“God said to Joshua, ‘Today I have rolled away the reproach of Egypt.’ That’s why the place is called The Gilgal. It’s still called that. The People of Israel continued to camp at The Gilgal. They celebrated the Passover on the evening of the fourteenth day of the month on the plains of Jericho. Right away, the day after the Passover, they started eating the produce of that country, unraised bread and roasted grain. And then no more manna; the manna stopped. As soon as they started eating food grown in the land, there was no more manna for the People of Israel. That year they ate from the crops of Canaan.” – Joshua 5:9-12, “The Message”
After God led the people out from bondage in Egypt, through the sea and into freedom, basic needs had to be met. First was celebration; next was water, next was food.
At the end of the wilderness journey, the people crossed the Jordan into a new freedom. There was celebration, there was sustenance. Not manna, the miraculous fast food. It had served its purpose — but the new day of liberation called for a new kind of rootedness: slower food, grown in the land.
Check out Dan Barber, celebrated chef and author of The Third Plate, who is writing about more than food. His book is a culinary adventure, but it’s theological as well. He’s discovering in our time what liberation and rootedness look like when we pay deep attention to the food grown in the land that God has loaned to us. Core concepts of faith are related to eating well. They both begin with deep respect for the earth and sea in which our lives began and our foodstuffs grow. They begin with awestruck appreciation of the burgeoning microbial activity that eventually creates the loam that allows for seeds to sprout.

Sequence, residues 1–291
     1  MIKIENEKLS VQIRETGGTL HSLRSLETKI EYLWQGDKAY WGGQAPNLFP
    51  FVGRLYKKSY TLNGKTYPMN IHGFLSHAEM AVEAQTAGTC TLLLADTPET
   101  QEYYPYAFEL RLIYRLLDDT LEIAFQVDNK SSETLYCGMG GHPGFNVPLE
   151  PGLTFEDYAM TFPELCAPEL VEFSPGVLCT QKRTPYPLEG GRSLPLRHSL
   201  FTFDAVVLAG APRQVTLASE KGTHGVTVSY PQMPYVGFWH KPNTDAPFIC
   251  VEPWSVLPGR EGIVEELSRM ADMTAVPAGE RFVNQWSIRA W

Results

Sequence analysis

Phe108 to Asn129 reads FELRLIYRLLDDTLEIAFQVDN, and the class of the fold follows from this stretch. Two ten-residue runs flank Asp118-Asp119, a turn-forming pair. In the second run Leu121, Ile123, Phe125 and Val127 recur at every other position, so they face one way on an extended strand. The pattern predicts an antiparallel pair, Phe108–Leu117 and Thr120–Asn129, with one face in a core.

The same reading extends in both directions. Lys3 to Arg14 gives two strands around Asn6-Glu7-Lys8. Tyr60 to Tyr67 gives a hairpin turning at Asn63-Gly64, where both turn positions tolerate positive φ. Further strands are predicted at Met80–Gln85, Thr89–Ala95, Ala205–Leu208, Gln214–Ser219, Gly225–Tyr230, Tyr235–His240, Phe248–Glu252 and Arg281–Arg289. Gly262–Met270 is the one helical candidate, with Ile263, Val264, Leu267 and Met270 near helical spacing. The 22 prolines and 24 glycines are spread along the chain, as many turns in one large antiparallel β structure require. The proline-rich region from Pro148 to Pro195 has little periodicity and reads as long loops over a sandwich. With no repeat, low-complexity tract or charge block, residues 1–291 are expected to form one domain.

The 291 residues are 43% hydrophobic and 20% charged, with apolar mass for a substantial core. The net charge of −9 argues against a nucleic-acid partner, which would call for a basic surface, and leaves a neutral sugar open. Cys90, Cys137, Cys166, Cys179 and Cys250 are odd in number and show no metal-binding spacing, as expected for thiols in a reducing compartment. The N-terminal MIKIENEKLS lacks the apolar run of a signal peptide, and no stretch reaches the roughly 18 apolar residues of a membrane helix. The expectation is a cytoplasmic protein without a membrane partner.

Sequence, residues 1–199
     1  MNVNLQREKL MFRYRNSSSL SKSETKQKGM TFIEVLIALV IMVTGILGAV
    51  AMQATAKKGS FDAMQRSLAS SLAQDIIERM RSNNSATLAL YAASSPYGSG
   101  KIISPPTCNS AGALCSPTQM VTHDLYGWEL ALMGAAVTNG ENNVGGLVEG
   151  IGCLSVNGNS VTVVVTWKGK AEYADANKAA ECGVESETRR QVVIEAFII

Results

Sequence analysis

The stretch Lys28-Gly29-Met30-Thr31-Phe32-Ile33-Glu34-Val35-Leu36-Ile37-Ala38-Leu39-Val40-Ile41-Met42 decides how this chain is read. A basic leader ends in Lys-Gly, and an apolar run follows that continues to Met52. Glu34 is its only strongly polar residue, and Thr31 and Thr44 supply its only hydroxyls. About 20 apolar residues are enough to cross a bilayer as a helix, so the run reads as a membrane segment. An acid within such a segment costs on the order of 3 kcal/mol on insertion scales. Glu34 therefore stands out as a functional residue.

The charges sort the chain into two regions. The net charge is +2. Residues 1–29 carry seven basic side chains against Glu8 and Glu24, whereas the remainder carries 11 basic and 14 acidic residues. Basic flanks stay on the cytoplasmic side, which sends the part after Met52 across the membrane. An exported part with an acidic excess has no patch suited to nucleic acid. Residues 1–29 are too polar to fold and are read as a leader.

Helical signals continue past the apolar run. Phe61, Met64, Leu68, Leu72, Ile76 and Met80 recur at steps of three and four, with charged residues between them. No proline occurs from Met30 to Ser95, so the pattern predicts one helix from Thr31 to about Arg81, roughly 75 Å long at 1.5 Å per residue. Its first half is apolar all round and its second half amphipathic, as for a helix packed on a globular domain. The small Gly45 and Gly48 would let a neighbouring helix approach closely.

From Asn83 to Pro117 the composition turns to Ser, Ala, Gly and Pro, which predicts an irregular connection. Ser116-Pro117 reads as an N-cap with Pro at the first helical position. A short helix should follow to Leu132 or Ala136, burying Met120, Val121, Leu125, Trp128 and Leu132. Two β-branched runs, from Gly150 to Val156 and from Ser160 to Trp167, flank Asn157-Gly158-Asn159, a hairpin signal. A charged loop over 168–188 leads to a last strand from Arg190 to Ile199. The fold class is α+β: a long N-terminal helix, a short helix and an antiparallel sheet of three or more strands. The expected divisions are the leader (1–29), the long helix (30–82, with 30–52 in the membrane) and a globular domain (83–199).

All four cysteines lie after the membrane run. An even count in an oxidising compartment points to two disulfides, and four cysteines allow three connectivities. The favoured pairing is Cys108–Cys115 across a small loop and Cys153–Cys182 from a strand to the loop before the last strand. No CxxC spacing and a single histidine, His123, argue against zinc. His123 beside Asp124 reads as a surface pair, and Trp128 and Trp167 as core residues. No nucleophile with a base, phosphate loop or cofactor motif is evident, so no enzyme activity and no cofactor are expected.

Eating “the produce of that country” is also diametrically opposed to industrialization of food production. What liberates us is not just a good meal: God offers us an earthy, incarnated way to discover a new level of intimacy with creation and Creator.
Liberating God, we praise you for leading us, over and again, into the richness and fullness of life. May we discover new intimacy with you, today, in a shared meal that reminds us of the wonder from which it, and we, came.